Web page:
The tree is packed away and the last of the Christmas goodies is nothing but extra pounds on the scale. Perhaps, like me, you feel a bit of a post-holiday letdown. Unbound by the constraints of Advent and Christmas, our church returns to its previous series. All the lights come down from the neighborhood trees. We slug back to our offices in the cold and the outer world that was once shot through with Christmas magic now seems quite ordinary. To bring a sense of “O Holy Night” into Monday night, I suggest the beautiful collection of everyday liturgies, Every Moment Holy, by Douglas McKelvey.
Growing up Baptist, what we lacked in organized liturgy, we more than made up for with enthusiasm. My church taught me that Christianity was not so much a religion as it was a relationship with God. This relationship was based on grace and freedom. I will forever be thankful for that spiritual foundation that taught me to value inner truth over outer trappings, emotional honesty over intellectual posturing.
As I got older, however, I longed not only for greater intellectual integrity in my faith, which deep Bible study and learning could easily fill, but also for those outer signs of faith that I had long disregarded. I needed creeds and responsive readings, candles and incense and colorful banners, the sound of a hundred chanting voices, the creak of of two hundred kneeling knees. I needed traditional Christian liturgy to remind me of truth when I could not maintain the emotional high on my own.
But for reasons somewhat beyond my control, I’ve remained in Baptist churches, so I’ve filled that liturgical gap on my own in my own devotional time. Therefore, Advent and Christmas are exciting seasons for me because they seem to be the only times in the year that the rest of the world lines up with the church calendar. Every star, every light, every tree becomes a sign — an outer trapping revealing an inner truth. I can even find King Cakes for Epiphany at my local grocery store. Hiding in a cake — a King! Hiding in the mundane — the Divine!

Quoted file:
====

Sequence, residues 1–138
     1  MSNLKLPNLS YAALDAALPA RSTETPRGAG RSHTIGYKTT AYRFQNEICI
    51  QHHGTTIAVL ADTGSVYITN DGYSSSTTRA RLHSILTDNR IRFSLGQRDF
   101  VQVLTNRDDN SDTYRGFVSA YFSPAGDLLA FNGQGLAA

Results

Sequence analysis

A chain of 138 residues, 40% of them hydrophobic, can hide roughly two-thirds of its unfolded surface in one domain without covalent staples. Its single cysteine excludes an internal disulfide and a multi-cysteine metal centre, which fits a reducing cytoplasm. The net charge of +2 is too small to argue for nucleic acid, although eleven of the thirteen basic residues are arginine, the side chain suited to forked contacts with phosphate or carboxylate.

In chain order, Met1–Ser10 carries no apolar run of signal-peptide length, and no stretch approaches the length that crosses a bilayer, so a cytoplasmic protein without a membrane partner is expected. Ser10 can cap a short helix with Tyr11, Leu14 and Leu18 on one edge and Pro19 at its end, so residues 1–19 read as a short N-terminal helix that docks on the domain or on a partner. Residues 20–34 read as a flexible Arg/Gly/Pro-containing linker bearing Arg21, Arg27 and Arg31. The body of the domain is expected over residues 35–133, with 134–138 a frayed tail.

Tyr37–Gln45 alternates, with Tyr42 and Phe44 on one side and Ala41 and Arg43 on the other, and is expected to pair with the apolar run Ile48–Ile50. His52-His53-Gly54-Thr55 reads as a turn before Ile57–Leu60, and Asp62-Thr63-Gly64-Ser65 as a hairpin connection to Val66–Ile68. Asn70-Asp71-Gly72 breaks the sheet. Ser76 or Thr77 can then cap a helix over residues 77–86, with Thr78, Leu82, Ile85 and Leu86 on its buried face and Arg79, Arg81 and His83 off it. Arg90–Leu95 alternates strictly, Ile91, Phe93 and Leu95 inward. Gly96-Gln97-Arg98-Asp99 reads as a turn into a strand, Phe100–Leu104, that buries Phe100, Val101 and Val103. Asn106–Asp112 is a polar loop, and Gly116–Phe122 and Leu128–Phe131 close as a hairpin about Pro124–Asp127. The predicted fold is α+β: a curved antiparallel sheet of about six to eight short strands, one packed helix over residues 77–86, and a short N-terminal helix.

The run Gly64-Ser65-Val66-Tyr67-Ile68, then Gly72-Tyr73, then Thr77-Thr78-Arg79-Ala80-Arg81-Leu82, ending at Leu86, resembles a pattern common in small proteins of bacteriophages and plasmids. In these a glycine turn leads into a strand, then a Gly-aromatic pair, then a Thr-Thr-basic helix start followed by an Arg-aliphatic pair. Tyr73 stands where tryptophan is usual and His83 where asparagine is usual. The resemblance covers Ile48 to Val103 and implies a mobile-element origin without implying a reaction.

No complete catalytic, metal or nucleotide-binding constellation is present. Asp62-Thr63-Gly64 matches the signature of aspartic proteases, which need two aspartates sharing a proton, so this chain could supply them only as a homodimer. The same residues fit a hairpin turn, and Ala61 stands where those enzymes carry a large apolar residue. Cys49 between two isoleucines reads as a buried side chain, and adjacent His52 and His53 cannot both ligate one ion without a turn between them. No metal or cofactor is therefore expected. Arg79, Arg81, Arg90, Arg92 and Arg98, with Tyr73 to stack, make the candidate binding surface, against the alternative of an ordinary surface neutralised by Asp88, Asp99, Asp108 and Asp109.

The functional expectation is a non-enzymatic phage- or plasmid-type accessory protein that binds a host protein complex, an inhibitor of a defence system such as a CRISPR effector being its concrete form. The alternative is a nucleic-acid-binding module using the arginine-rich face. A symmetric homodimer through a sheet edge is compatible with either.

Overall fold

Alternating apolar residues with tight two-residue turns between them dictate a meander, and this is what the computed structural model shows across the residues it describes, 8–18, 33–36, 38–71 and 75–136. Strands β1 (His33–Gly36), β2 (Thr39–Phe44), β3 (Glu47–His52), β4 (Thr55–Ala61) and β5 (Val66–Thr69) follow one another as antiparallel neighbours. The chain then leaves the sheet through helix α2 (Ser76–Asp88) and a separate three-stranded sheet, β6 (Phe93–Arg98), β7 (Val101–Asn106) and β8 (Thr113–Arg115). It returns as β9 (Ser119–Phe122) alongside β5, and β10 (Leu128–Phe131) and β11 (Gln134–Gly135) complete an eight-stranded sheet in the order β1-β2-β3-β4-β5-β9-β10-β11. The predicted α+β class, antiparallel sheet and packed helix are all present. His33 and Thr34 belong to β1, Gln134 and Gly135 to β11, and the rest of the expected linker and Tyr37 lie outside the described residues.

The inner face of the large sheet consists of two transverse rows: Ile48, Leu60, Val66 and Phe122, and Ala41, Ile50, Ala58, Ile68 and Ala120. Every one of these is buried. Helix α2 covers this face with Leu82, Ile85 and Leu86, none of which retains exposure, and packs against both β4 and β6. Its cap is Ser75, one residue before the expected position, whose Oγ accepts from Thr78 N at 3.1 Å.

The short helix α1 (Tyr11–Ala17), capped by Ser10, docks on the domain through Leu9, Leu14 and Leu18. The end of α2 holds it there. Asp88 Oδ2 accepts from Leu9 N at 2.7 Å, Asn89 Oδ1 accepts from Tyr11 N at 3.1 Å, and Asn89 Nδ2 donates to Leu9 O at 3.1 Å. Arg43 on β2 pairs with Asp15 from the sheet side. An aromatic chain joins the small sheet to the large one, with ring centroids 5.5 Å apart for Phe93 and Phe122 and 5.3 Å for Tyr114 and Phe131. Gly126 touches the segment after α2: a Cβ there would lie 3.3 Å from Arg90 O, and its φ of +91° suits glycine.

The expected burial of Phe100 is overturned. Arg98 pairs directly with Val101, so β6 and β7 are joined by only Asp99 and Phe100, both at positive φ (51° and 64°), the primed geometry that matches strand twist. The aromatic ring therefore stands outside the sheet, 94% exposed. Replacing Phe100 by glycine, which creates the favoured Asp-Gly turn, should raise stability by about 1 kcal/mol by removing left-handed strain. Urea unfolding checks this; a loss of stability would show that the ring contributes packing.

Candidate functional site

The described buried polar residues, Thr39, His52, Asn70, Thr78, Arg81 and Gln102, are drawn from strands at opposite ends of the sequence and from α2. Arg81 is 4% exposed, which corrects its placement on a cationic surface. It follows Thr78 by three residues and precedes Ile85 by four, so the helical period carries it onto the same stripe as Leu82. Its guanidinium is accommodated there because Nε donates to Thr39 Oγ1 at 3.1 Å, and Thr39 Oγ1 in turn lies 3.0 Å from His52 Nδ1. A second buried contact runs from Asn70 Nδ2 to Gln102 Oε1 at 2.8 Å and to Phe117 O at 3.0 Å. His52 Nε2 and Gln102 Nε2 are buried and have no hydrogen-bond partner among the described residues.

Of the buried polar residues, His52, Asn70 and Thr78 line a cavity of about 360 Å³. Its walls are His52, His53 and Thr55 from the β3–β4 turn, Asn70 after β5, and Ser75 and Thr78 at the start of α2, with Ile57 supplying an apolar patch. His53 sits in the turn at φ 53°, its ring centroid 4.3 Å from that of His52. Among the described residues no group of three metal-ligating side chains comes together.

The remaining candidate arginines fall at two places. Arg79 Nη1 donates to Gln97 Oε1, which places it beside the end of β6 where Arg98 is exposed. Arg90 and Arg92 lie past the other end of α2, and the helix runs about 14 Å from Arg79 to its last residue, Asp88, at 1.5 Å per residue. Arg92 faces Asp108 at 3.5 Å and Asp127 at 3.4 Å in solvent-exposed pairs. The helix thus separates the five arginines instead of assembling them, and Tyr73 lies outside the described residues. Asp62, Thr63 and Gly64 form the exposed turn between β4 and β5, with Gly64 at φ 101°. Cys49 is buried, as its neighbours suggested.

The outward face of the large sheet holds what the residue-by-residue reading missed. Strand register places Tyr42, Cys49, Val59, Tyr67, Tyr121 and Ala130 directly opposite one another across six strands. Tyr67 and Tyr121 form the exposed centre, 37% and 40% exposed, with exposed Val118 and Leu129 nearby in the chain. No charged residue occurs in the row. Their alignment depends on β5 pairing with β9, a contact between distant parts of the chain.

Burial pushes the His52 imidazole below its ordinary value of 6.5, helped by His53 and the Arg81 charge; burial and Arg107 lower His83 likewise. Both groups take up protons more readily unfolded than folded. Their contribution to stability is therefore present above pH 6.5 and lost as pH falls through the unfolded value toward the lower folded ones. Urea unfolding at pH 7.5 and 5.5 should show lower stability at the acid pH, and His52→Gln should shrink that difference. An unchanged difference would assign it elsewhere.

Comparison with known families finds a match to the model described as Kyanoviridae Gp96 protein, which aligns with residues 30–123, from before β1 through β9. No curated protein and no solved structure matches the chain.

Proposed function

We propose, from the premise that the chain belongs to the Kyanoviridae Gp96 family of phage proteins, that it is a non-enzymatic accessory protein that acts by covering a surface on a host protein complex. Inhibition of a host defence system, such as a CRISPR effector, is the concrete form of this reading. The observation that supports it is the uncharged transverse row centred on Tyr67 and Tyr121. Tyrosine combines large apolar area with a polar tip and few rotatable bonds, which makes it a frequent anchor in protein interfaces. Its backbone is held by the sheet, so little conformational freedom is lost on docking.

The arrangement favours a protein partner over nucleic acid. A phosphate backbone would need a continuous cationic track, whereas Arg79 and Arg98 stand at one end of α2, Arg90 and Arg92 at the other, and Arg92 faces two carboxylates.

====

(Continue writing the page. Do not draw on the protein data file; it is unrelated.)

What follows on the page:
Every Moment Holy helps us to see the Divine hiding in every mundane task. It contains several prayers for individuals, families, or other groups that can elevate ordinary moments into sacred ones. It contains some expected entries, such as dinner prayers for every night of the week and liturgies for big events, like births, deaths, and celebrations. But it also includes entries for laundering, gardening, and bee-keeping. The book has a prayer for someone stuck in traffic and for someone struggling with the temptation of making a frivolous purchase. It offers prayers for both mental and manual labor and it contains not one, but two prayers for changing diapers.
Accompanying the liturgies are frame-worthy illustrations by Ned Bustard. My favorite prayer in the book, “For the Ritual of Morning Coffee,” connects the reviving powers of caffeine with the resurrection, and features the illustration of a phoenix rising from a coffee cup. You might think that sounds sacrilegious, but it’s not. Instead, the prayer and picture together remind me of God’s grace to me in His gift of coffee, and his mercies, new every morning. (Listen to the prayer, below).
As you move into 2018 and put Christmas behind you, I urge you not to put away your sense of wonder. Divine revelations don’t always sing with the fanfare of angels. In Every Moment Holy, they speak in the still, small voice of an ordinary day.
Buy Every Moment Holy here.